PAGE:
Greece has become the first EU country to introduce a six-day working week, in contrast to Europe, the US, Australia and Japan, which have been testing a four-day week, and report. The aim of the innovation is to improve the economy, which was undermined by the global financial crisis of the late 2000s and had devastating consequences for Greece, as a legacy of heavy government spending and widespread tax evasion left the country with crushing debts.

The new legislation, which came into force in early July, allows employees to work up to 48 hours a week, up from 40.

Many European countries have piloted a four-day work week with no pay cut, and as of today, 1 July, Greece has introduced a six-day work week, along with the introduction of a digital labour card in industry, and is one of the measures that will be tested by the new Labour Minister, Niki Kerameos. This provision, which was introduced last autumn by then-Labour Minister Ad Georgiadis, has attracted much negative criticism and reaction. Businesses that operate continuously with shift work will be able to offer employees to work on the sixth day of the week with a 40% increase in their daily wage.

This refers to the right that employers will now have to unilaterally establish a six-day working week. The six-day working week – in accordance with Law 5053/23 – applies to continuously operating businesses that use a five-day per week working system. This will not apply to DEKO, the public sector and banks, while tourism and catering are excluded from the regulation.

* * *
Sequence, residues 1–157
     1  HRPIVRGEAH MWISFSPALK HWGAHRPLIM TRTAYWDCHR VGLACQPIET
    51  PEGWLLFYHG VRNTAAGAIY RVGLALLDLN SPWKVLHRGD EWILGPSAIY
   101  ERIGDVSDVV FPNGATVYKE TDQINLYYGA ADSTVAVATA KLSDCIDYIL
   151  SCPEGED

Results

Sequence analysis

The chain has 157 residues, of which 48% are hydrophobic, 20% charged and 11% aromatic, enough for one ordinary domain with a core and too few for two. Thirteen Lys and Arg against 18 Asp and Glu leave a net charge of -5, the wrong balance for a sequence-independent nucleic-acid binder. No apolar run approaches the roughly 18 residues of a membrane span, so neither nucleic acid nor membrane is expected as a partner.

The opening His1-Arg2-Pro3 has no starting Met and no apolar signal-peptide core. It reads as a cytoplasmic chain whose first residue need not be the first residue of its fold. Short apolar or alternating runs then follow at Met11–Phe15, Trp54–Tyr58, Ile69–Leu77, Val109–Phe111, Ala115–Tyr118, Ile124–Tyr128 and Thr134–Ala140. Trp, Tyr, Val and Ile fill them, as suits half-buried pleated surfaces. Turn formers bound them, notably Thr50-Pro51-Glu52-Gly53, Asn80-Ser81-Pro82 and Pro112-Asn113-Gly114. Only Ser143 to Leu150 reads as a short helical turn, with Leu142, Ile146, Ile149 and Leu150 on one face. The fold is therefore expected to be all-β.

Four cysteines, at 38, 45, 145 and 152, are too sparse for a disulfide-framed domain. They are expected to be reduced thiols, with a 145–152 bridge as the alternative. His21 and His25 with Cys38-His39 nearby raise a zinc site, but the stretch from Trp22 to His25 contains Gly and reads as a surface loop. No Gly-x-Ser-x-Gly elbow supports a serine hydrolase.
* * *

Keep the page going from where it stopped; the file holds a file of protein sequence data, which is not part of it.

Employees will be paid extra for the sixth day at 40% of their daily salary and 115% on weekends, and will be entitled to an additional day off during the following week.

The law, with this regulation, tries to serve companies that operate with shift patterns 24 hours a day, seven days a week, and that do not find new qualified staff and therefore cannot organise shifts properly.

Greece ranks first in the European ranking of weekly working hours with 39.8 hours.

The measure was supposed to start in March, but difficulties encountered during the implementation of the ERGANI II information system made it impossible to implement this provision.

According to the law, employees’ employment during an additional day may not exceed eight hours, and overtime and overtime work is not allowed.

The said employers are obliged to provide information on the working hours of their employees who will be hired on the sixth day in the information on the organisation of working time before the employees start working.

Source: The Gaze